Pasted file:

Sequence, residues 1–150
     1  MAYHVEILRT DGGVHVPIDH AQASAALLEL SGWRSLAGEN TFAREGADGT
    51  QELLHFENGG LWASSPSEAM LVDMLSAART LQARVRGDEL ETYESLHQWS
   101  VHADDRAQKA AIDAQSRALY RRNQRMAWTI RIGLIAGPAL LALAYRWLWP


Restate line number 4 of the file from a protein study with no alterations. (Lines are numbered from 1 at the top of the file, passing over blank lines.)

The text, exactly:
   101  VHADDRAQKA AIDAQSRALY RRNQRMAWTI RIGLIAGPAL LALAYRWLWP